What UK Legal Implications are there with documenting bad service online
March 21, 2013 5:00 AM   Subscribe

What are the legal implications if I start a blog documenting the poor service my property manager provides, and asking others to share their opinions of this firm? I can speak for the factual accuracy of my own experiences (I have their letters and invoices etc, as well as my responses), but what about others?

This question seems a bit above my level, but basically I am having a nightmare with my property managment firm who are (amongst other things) invoicing me for periods when I didn't own the property, agreeing to waive a fee and then issuing another invoice in which said fee has reappeared, failing to respond to direct queries of mine (I email a direct question, they write back as though they didn't even see that part of the email), failing (despite me now having asked four times) to send out a direct debit mandate, attempting to force membership of a communal buildings insurance policy for considerably more per month than my current buildings AND contents policy costs... the list goes on. Already this firm sees their name appended in Google's autocomplete with words like "suck", "rubbish", "complaints" and "terrible". I'd like to provide a focal point for those with a frustration to state their case, and then to make sure that anyone searching for the firm sees all of these just as prominently as the firm itself. It is an attempt to shame the firm into improving its service.
posted by dougrayrankin to Law & Government (4 answers total) 2 users marked this as a favorite
Put your money and energy into finding a good attorney to help you settle this as opposed to opening yourself up for more grief and a possible lawsuit. Remember, anyone can sue anyone for almost anything, they might not win but you'll spend a lot of money defending yourself.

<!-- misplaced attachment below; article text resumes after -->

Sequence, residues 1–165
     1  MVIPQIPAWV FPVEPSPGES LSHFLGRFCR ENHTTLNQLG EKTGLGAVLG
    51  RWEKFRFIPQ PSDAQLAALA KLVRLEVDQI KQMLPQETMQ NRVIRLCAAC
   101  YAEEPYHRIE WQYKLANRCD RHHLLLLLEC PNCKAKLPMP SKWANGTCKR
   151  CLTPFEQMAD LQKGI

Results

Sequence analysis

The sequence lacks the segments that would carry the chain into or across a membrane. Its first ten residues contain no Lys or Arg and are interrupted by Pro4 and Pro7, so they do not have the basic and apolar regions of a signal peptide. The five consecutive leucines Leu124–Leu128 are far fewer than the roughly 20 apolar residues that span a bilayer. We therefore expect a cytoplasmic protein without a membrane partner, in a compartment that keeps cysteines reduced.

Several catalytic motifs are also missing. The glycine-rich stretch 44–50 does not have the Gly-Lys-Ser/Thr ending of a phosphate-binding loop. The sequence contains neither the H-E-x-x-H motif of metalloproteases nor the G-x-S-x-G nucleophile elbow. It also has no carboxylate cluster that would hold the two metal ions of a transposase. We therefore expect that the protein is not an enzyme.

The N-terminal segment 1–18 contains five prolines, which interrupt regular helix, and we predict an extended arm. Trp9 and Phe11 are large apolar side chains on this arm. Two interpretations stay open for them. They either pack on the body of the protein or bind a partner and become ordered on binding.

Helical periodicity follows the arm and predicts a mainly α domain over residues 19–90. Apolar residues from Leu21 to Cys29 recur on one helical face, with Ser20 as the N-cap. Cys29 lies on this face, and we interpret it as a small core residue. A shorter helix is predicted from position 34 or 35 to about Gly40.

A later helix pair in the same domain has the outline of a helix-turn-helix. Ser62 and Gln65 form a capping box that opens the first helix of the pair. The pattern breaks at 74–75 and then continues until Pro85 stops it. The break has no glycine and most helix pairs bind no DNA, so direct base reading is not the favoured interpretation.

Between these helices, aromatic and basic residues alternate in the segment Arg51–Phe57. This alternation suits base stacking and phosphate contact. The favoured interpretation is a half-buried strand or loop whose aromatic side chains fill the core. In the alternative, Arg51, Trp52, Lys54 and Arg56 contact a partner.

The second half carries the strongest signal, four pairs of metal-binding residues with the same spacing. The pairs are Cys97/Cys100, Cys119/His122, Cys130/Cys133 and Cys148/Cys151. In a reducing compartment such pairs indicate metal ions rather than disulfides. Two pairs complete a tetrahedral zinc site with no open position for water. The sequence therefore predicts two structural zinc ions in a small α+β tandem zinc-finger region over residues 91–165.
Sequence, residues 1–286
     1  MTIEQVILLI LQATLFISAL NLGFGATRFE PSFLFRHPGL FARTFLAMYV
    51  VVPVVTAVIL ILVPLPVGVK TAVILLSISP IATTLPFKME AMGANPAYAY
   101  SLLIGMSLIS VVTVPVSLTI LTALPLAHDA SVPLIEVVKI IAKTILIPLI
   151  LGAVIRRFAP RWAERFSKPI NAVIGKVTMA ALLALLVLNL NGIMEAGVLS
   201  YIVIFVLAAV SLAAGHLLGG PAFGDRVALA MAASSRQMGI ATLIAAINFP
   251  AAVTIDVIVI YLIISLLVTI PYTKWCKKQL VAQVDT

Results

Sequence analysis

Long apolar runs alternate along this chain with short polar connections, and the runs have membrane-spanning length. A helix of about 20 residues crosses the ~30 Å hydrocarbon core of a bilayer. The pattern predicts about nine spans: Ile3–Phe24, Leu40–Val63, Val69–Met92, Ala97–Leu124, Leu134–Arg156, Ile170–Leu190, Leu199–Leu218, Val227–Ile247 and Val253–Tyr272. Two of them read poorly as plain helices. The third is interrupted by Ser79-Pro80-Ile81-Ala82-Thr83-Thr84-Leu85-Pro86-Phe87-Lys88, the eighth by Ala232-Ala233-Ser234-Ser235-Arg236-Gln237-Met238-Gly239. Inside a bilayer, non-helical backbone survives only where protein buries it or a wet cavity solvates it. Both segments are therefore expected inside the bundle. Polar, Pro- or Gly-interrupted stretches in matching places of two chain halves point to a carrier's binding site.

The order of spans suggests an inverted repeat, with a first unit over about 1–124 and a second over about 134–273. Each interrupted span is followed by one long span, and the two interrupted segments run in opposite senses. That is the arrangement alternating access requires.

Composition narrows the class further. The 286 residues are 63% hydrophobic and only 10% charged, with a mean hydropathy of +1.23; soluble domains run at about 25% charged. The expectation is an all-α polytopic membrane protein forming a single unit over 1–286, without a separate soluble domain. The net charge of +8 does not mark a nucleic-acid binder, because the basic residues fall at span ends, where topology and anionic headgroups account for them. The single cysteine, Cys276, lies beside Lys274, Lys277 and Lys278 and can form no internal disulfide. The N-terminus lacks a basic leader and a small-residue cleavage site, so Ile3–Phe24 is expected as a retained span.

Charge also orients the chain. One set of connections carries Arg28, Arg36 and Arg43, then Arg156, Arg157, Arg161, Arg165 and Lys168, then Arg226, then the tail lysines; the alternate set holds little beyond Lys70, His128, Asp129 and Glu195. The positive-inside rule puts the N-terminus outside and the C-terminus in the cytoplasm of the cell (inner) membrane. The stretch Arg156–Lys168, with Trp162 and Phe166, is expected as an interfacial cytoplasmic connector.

posted by HuronBob at 6:48 AM on March 21, 2013

It might be more efficient to use existing forums for airing your complaints, e.g. write to your local paper (if you can get in contact with other aggrieved customers, you could write a joint letter to the paper), and write to the Guardian's consumer rights columnists. If Google auto-complete is already suggesting this company sucks, I'm not sure if one more website listing your complaints will help much, but a journalist from a local or national newspaper contacting them and asking why they have such bad customer service might help.

Often (somewhat irrationally), companies don't care about their reputation online, but being bad-mouthed in print press is much worse for some reason. Use that to your advantage.
posted by EndsOfInvention at 6:59 AM on March 21, 2013

You could formally complain to RICS, the Royal institution of Chartered Surveyors - that ought to be the professional body regulating your property manager.
posted by meronym at 12:41 PM on March 21, 2013

IANAL but just a friendly reminder that UK libel laws are infamous for heavily favouring the party with more money rather than those with right on their side. Seconding HuronBob's idea that you should concentrate on getting them to treat you better rather than publicly shaming them.
posted by peteyjlawson at 3:58 PM on March 21, 2013

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